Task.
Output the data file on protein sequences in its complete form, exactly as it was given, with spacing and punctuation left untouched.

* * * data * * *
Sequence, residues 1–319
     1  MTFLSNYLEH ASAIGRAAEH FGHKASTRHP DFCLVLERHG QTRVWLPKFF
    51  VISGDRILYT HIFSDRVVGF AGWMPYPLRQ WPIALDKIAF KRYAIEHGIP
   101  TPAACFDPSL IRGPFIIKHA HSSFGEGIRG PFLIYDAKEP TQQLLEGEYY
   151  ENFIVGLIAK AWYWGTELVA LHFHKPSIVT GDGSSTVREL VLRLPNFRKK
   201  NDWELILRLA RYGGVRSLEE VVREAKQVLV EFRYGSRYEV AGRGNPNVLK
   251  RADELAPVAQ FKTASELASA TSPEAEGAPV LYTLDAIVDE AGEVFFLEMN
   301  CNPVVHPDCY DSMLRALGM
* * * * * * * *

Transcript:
Sequence, residues 1–319
     1  MTFLSNYLEH ASAIGRAAEH FGHKASTRHP DFCLVLERHG QTRVWLPKFF
    51  VISGDRILYT HIFSDRVVGF AGWMPYPLRQ WPIALDKIAF KRYAIEHGIP
   101  TPAACFDPSL IRGPFIIKHA HSSFGEGIRG PFLIYDAKEP TQQLLEGEYY
   151  ENFIVGLIAK AWYWGTELVA LHFHKPSIVT GDGSSTVREL VLRLPNFRKK
   201  NDWELILRLA RYGGVRSLEE VVREAKQVLV EFRYGSRYEV AGRGNPNVLK
   251  RADELAPVAQ FKTASELASA TSPEAEGAPV LYTLDAIVDE AGEVFFLEMN
   301  CNPVVHPDCY DSMLRALGM